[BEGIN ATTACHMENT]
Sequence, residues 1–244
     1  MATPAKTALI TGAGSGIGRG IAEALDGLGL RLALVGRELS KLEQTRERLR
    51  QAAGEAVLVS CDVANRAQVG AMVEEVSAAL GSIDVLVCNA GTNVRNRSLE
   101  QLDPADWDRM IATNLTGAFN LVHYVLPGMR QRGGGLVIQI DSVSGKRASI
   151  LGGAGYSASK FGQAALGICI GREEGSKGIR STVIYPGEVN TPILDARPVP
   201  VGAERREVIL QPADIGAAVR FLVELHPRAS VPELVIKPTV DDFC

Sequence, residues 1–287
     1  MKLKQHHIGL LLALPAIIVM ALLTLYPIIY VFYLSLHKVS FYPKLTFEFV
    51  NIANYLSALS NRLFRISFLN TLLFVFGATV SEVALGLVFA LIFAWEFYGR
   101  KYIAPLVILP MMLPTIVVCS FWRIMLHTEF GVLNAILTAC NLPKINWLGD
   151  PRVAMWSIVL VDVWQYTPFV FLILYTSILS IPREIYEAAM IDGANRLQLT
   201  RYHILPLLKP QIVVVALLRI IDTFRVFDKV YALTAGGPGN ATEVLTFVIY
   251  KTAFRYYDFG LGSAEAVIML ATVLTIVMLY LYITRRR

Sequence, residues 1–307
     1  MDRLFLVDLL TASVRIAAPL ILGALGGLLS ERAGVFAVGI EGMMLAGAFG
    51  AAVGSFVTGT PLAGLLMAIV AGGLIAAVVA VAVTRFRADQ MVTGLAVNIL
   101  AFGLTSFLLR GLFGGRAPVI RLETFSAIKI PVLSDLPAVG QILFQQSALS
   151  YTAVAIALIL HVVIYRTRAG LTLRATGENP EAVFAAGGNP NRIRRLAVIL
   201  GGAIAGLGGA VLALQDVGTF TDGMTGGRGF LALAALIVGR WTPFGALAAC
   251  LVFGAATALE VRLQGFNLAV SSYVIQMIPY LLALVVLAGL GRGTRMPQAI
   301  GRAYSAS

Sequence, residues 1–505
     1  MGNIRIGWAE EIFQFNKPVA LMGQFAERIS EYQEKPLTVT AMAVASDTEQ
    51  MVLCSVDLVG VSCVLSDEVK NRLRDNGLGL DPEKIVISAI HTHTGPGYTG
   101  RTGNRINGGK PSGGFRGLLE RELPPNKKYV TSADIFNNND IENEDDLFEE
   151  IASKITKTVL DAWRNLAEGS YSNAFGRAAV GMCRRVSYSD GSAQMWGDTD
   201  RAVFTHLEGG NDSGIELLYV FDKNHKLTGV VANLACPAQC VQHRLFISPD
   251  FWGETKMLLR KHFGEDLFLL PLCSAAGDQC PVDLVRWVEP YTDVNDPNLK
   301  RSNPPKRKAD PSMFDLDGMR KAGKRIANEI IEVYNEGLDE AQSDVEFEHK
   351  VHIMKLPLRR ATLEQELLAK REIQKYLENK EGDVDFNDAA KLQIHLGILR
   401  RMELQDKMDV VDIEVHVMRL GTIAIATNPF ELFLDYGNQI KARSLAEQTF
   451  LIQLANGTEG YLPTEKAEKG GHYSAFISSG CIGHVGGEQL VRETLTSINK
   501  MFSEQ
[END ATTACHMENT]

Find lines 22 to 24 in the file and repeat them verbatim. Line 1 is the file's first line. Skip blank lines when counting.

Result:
Sequence, residues 1–505
     1  MGNIRIGWAE EIFQFNKPVA LMGQFAERIS EYQEKPLTVT AMAVASDTEQ
    51  MVLCSVDLVG VSCVLSDEVK NRLRDNGLGL DPEKIVISAI HTHTGPGYTG